NEPHI — As you drive north on I-15, just beyond Exit 225 into Nephi, glance to your right and you can’t miss it.
There’s a miniature Calvary of three wooden crosses standing together atop a small hill, surrounded by newly planted trees and shrubs. Just beyond the trio of crosses is the new and nearly completed First Baptist Church, set against a mountainous backdrop.
Pastor Keith E. South and those who designed the special feature hope the Christian scene will serve as inspiration on the interstate.
“People have commented that seeing it gave them a good feeling,” the pastor said. “I think this is a great reminder of why we do what we do, that there’s something bigger and more important than schedules and daily routines. If one person comes to the Lord because of this, then it’s all worth it.”
The unique landscaping is part of a multiyear effort to construct the new church, which is now in the final stages. It’s possible the church could be completed by the end of the year, Pastor South said.
“We started praying about this before we came to Nephi,” he said. “It’s a humbling experience to see God do things like this. My wife and I were convinced that the Lord gave us a vision of what he wanted us to accomplish when we came here and to watch it come to fruition reminds me of how small I am and how big he is.”
It all started on Mother’s Day in 1994 when Pastor South, his wife, Donna, and their four boys, along with three core families, felt divinely directed to start the First Baptist Church, an independent congregation supported by several churches around the country.
For the first decade or so, the congregation rented and met in different facilities as the congregation grew.
After a congregation member donated three acres along the east side of I-15, ground was broken on the new church in 2008. The foundation was poured in 2012, but progress was slow for the next five or six years while the church waited on the Lord for the ability to build the sanctuary without going into debt.
Significant construction started in 2016.
“About four years ago, the Lord said it was time to build,” Pastor South said. “He brought in a lot of money and we went to work. We’ve been working on it steadily since then. When we run out of money, we go back and pray and try to put our trust in the Lord.”
The pastor said the 17,000-square-foot church has cost somewhere in the neighborhood of $3 million. Financial support has come from a network of churches from California to Pennsylvania and Wisconsin to Georgia, along with generous contributions from individuals and families. A lawyer informed Pastor South that a client planned to leave part of his estate to First Baptist Church when he dies.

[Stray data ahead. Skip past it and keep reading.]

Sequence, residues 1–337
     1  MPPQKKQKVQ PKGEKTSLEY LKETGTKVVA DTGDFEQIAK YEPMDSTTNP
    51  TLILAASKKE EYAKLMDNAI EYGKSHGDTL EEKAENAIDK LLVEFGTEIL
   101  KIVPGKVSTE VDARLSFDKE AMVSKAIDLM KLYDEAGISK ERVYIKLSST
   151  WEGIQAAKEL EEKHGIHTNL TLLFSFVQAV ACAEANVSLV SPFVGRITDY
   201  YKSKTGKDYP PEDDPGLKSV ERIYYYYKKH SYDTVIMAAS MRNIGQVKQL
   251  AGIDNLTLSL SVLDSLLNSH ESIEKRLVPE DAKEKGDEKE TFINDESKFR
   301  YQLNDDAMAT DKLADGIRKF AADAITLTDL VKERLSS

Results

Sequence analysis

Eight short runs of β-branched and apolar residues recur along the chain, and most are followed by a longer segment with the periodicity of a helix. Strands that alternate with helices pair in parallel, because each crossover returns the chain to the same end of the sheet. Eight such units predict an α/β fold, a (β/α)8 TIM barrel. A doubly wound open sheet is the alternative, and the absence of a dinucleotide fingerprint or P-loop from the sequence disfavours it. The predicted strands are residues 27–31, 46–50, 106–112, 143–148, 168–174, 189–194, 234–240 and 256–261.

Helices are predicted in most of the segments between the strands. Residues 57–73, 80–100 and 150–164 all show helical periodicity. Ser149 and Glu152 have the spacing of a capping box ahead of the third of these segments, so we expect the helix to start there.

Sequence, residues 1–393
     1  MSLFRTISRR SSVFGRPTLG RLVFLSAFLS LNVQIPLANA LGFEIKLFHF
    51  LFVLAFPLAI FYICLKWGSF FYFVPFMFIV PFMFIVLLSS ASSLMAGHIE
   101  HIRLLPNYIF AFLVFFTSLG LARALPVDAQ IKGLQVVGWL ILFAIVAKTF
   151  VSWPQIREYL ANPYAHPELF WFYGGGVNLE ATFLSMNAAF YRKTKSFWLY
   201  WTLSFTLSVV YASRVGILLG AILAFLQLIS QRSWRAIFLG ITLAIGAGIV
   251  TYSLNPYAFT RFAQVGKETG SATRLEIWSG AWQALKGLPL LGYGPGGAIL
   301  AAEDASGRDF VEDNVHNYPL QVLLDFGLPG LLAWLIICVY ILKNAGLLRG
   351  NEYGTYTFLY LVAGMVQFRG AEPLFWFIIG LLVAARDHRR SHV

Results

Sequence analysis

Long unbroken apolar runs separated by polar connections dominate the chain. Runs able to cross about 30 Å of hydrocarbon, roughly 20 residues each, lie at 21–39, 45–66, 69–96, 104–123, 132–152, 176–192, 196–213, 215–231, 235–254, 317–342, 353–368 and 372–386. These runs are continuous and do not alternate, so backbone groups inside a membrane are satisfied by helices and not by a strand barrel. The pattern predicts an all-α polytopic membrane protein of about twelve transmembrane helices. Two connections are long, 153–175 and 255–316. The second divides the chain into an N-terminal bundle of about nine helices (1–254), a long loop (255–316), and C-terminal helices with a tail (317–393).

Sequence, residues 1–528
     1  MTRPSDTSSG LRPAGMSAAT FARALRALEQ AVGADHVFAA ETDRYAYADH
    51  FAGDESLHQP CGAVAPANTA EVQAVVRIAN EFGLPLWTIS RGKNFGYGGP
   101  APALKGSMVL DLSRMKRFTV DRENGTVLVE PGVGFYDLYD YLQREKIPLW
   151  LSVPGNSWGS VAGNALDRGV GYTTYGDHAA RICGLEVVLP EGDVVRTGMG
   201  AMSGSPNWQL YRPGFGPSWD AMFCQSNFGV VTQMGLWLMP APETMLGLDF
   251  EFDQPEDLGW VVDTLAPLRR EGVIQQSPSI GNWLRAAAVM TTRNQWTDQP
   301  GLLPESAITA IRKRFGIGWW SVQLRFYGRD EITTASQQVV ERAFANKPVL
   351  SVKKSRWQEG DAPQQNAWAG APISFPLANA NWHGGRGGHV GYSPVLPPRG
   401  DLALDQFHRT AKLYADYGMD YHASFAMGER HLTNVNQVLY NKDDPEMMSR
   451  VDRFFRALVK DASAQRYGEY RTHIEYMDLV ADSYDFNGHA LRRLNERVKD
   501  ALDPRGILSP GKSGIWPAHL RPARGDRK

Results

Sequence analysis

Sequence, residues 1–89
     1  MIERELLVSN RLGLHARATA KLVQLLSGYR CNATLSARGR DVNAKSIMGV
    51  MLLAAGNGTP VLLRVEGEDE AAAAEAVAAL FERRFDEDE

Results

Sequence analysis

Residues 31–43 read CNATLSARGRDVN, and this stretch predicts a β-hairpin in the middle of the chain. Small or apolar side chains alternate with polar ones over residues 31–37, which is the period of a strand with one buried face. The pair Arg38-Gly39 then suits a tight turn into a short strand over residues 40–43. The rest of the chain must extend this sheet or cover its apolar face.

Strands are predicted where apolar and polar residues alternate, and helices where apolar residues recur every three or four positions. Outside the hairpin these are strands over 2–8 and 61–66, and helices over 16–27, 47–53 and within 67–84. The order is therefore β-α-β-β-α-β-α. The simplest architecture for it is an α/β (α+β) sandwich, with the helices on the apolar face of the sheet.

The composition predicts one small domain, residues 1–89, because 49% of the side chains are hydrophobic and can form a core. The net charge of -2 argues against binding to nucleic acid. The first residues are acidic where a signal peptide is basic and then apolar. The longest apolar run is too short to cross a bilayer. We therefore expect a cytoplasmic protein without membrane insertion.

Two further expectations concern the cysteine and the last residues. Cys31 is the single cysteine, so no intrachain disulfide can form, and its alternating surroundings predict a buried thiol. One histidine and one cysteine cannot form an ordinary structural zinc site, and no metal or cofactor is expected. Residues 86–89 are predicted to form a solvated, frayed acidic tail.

“The Lord has done it in a lot of different ways,” the pastor said.
At one point they realized they would have a lot of leftover dirt to use in landscaping. A member of the congregation, who wishes to remain anonymous, developed the idea to build a small hill with trees, a rock path and create a “miniature Calvary” of crosses. It would not only beautify the church grounds, but represent an offering of gratitude to the Lord. The project became this member’s brainchild, Pastor South said.
His son, Jeff South, is the pastor of Ruby Mountain Bible Church in Spring Creek, Nevada. One member of the son’s congregation, Bob Moriarty, owns a small sawmill business and was approached about making the crosses, which he agreed to do.
After some research, Moriarty created the Roman-style crosses from some red fir trees he secured from a ski resort in Boise.
As they installed the crosses over Labor Day weekend, vehicles stopped to watch and take photos while others honked their horns as they drove by. Many in the community have offered positive feedback, Pastor Keith South said.
“It was like Christmas to watch it come together,” he said. “Obviously they did a great job.”
For centuries the cross has been a central symbol of Christianity, representing how the sins of humanity were paid for by the death of Jesus Christ, Pastor Jeff South said.
“This is a neat opportunity to telegraph to the world and everyone that drives by what the church stands for and what we believe in,” he said. “There’s been a number of phone calls and folks are talking about it.”
Moriarty hopes the crosses can serve as a type of New Testament billboard that will cause freeway travelers to examine their lives and discover spiritual enlightenment. He appreciated being involved and declined payment for his work.
“The way I look at it is Jesus already paid the price. It was something that I was just glad to be involved with,” Moriarty said. “I hope it helps people. The way the world is, especially right now, it certainly couldn’t come at a better time.”
Darren Woolley is a member of The Church of Jesus Christ of Latter-day Saints who lives near the new First Baptist Church and his neighbors are members of the congregation. Woolley said his family had a “special experience” visiting the crosses the day they were erected. He continues to admire the display.
“I think it’s inspiring and it makes me think about Jesus every time I see it,” Woolley said. “It’s beautiful and unique, especially here in rural Utah. I think it will be a destination for Christian people of many different denominations.”